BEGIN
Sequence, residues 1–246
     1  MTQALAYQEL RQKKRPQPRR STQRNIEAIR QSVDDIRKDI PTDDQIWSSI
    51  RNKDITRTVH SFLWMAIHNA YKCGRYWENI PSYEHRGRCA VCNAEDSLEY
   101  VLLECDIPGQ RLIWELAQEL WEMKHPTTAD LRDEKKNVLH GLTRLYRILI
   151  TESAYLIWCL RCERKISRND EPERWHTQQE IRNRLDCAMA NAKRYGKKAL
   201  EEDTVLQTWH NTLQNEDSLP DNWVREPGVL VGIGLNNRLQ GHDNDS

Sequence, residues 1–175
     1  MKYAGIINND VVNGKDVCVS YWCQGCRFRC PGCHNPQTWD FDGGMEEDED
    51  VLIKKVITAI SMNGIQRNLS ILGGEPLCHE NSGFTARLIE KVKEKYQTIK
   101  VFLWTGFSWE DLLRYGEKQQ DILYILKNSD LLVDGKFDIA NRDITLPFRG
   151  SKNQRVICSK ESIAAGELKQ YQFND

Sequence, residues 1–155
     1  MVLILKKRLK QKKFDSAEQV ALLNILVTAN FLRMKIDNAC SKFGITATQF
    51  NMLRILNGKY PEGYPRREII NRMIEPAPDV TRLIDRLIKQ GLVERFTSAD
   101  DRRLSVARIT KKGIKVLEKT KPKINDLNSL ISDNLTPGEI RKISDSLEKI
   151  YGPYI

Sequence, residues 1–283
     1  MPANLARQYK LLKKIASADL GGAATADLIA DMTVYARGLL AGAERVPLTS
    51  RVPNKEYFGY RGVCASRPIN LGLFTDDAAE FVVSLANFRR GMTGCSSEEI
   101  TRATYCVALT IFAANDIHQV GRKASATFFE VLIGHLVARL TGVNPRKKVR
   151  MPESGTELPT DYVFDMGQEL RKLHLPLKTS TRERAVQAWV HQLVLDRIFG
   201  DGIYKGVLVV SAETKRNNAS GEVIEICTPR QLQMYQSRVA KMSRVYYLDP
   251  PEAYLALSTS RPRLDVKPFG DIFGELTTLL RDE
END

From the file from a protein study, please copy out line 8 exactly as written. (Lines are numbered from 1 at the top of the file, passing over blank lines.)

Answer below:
     1  MKYAGIINND VVNGKDVCVS YWCQGCRFRC PGCHNPQTWD FDGGMEEDED